Disruption is very much in vogue as a target for new technology. But disruption is not a recent development. As a fully invested boomer, I have been thinking about the 50th anniversary of 1967 – a year of fundamental disruption. Two events stand out in my mind, the latter relating directly to insurance and the importance of InsurTech.
Summer of Love
The common memory of this time is of gentle folks who eschewed traditional employment and social activities. These ‘hippies’ preferred to wear flowers, dance in parks, and indulge in ‘soft’ drugs.
The reality was that the Vietnam War (or, as the Vietnamese called it, the ‘American War’) was growing in size and intensity. The draft was in force in the US and young men could be forgiven if they referred to themselves as ‘cannon fodder.’
San Francisco was ground zero, and approximately 100,0o0 hippies found their way to the city. They were not welcomed by the majority of citizens. Police and politicians tried to encourage people to to come and, if they had arrived, to turn around and go home.
That strategy failed. Music was everywhere. And drugs too. But the overarching theme was hope that the positive vibes would spread and create a new era,
At the end of the summer, visitors left: workers went back to work, students went back to school,
In Buena Vista Park, there was a ‘funeral’, commemorating the Death of the Hippie. Wikipedia quoted Mary Kasper – the funeral organizer – who explained the intended message:
“We wanted to signal that this was the end of it, to stay where you are, bring the revolution to where you live and don’t come here because it’s over and done with.”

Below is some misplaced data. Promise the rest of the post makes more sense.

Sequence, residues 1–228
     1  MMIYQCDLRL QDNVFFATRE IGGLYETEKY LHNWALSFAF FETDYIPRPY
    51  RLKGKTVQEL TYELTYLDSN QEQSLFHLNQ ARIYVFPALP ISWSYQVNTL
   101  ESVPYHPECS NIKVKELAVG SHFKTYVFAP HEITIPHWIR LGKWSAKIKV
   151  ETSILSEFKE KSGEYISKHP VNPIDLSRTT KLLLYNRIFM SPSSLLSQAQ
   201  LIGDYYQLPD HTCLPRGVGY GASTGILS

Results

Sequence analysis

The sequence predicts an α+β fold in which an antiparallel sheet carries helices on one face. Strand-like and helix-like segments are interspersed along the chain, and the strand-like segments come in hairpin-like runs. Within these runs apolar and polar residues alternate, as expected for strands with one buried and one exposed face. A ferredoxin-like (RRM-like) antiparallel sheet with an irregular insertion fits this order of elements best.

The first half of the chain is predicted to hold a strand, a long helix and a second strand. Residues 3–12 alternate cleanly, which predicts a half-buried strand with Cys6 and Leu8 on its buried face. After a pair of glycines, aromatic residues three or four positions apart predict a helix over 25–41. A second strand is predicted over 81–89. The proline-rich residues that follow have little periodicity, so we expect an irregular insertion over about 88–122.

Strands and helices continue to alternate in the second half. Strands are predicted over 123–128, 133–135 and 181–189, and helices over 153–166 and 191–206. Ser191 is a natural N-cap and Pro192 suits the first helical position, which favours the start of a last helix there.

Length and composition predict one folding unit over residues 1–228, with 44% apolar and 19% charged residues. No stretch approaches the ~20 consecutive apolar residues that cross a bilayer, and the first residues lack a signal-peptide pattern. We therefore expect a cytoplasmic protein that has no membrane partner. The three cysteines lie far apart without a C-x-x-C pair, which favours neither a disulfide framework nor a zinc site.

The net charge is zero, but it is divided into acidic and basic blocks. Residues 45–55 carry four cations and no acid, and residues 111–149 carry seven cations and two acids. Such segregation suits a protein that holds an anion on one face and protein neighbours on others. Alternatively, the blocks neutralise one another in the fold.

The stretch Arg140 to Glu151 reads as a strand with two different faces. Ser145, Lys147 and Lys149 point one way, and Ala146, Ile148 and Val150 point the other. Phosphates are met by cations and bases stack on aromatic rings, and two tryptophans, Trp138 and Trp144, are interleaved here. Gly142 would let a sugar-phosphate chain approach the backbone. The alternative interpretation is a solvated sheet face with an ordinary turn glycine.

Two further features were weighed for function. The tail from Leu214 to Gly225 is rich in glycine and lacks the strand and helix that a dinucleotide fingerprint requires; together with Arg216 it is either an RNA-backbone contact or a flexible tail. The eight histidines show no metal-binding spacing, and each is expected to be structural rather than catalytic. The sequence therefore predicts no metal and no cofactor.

This was a project and it concluded. While peace and love hasn’t overrun the world yet, the Summer of Love set a benchmark.
Agent/Broker- Carrier Interface
In 1967, The National Association of Insurance Agents (the predecessor of the Independent Insurance Agents of America) commissioned Stanford Research Institute (SRI) to study the use of technology. Leadership agents were concerned about their future, given:
- Increasing market share of direct writing companies,
- Mass merchandising experiments by carriers, and
- Increasing control by large carriers.
The SRI report, Planning for the Future of the National Association of Insurance Agents provided “guidelines for association actions that would help assure a continuing future for its members as an integral part of the P&C insurance industry.”
And Time Passed…
Unlike the Summer of Love, there was no completion date. The initial actions taken as a result of the study were addressed over the next 10 years, and included:
- Standardize paper forms and electronic standards (ACORD)
- More reports recommending more committees which would develop a plan for electronic connection.
In 1983 (16 years after the first SRI report) a not-for-profit organization – Insurance Value Added Network Services (IVANS) – was opened for business.
Time passed. ACORD was well on its way to producing standards for electronic communication. IVANS was connecting insurers to agents for non-standard transactions (an interim step).
The problem – in spite of all best efforts – was the lack of any meaningful standards based implementation after 23 years.
Credibility was plateauing and enthusiasm had wained. The agent associations turned to Perot Systems.
After reviewing the history and the spend (between $570 and $850 million per year), Perot developed 4 options and recommended the development of yet anther entity, an Agency Information Systems Facility to be run by the Agents.
And where did we go from there?
As with every other iteration, the Perot report and recommendation went to all of the stakeholders – agents, insurers, suppliers, associations (ACORD, IVANS).
The end result was that there was no final result.
Both ACORD and CSIO – the Canadian counterpart – have become very pragmatic. While still maintaining standards, both organizations are delivering specific products andsmaller projects to their members.
So, what did we disrupt today, Dorothy?
Virtually all of the activities by agents, brokers, insurers, suppliers were meant to be disruptive. However, two interrelated issues persisted: Scope and Accountability.
We are seeing exciting progress with InsurTech, primarily because at least one, if not both issues are covered. But as we move into larger, perhaps industry level initiatives (for example standardizing IoT), we are going to be exposed.
Meanwhile … It is still summer, 50 years on. So, as the Firesign Theatre would say, “Don’t crush that dwarf, hand me the pliers.”